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the waggons drawn up on the cliff under a thick roofing of reeds, and with reeds stacked all round them. Everything looked most perfectly in order, and I felt delighted with Hans' management. My waggon gear had required much putting in order; the trek-tows or ropes to which the yokes were fastened were quite rotten ; they were remarkably good pieces of rope when I bought them in Cape Town, so much so as to attract the critical eye of the sailors; but nothing of hemp or cotton stands this climate. I do not know why, but string, yarn, shirts, and thread all become useless after a short exposure to the air. Hans had therefore saved the hide of every ox that had been slaughtered, and had either dressed it to make reims and suchlike things, or else twisted it up raw to make it into a trek-tow. We still wanted one hide, which a gnu was kind enough to afford us. Hans wounded him after a long stalk ; but though the animal got off for the time, he was steadily followed by Hans and John Allen for hours, till nightfall ; they then slept on the track, and took it up again the next morning; in a couple of hours they found the beast on three legs, at bay, under a stone, where he was shot and flayed. Gnu is literally the only hide, besides that of oxen and koodoos, that is fit for a trek-tow; almost all other animals have either too small and too thin skins, or else the opposite extreme, while gemsbok and zebra hides, which are of the right thickness, are the worst of leather.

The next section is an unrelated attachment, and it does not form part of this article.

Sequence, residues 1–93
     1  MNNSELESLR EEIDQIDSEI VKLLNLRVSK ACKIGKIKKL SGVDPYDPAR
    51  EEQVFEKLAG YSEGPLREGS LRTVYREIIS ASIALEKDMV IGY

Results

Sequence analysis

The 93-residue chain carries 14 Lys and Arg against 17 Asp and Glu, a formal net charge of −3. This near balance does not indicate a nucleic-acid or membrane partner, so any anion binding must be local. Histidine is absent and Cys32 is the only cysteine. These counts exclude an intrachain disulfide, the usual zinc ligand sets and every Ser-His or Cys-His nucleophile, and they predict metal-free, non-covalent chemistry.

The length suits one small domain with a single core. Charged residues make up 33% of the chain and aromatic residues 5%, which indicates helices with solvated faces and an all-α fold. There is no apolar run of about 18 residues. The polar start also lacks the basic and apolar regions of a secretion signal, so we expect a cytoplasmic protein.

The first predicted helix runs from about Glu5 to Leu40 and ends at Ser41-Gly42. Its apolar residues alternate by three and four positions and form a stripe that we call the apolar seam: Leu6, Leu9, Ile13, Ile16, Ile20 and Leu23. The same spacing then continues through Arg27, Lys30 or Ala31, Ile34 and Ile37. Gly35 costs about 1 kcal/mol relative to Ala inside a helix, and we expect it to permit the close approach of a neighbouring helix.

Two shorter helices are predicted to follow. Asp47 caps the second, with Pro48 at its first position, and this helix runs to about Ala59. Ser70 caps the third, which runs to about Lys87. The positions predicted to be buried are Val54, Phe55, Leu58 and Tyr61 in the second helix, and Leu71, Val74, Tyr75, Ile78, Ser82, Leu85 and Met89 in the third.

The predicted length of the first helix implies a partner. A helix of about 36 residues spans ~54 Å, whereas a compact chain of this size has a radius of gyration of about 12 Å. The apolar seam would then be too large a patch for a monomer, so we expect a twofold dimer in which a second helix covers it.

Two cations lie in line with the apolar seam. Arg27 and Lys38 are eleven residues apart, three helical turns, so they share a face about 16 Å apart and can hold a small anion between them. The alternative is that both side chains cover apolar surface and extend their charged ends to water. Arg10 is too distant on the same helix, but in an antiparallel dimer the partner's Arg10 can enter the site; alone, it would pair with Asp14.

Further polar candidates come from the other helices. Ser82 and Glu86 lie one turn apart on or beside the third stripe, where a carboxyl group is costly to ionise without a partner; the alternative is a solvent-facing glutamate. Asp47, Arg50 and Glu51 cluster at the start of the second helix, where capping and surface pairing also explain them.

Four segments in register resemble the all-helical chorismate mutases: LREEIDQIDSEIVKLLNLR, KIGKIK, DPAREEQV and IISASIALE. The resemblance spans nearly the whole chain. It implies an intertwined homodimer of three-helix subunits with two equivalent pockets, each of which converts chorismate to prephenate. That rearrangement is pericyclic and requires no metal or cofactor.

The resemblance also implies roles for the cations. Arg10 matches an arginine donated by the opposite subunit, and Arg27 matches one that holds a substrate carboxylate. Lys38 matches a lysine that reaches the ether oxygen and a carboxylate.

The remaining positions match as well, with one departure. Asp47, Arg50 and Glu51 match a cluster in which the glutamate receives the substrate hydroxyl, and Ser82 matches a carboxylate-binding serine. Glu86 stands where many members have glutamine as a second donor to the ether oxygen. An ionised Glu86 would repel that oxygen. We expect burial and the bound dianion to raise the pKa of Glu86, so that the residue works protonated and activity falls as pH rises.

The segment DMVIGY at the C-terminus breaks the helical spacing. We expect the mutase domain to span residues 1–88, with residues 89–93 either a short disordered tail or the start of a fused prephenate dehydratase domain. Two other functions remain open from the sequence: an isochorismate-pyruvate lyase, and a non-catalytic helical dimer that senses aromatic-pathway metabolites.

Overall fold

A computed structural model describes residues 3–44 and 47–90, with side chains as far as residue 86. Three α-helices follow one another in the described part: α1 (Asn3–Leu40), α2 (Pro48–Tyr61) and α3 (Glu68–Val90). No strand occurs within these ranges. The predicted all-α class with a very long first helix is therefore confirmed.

I stopped a day at Otjimbingue, and then rode off with Hans, John St. Helena, and Gabriel, to the mountain Erongo ; it was partly an excursion to buy oxen and sheep for my journey, and partly to see the country, and that remarkable stronghold of the Ghou Damup. The drought was so great, no constant rain having fallen, that troops of Damaras were flocking in from all sides to the comparatively abundant water of the Mission station. One of the captains, who was in advance of the rest of his people, offered to go back with me as guide. He said he would take us to different werfts on our road, where we might barter as much as we liked, but that he dare not take us to Erongo, as his people and the Ghou Damup who lived there were always fighting together. I took a few articles of exchange, some of each of the different things that I had, and we all started in the afternoon.

Our native followers included two Ghou Damups, who were to introduce us to their relatives on Erongo, in the same way as the captain was to recommend us to his friends on the road.

We emerged from the broad valley of the Swakop, after three hours'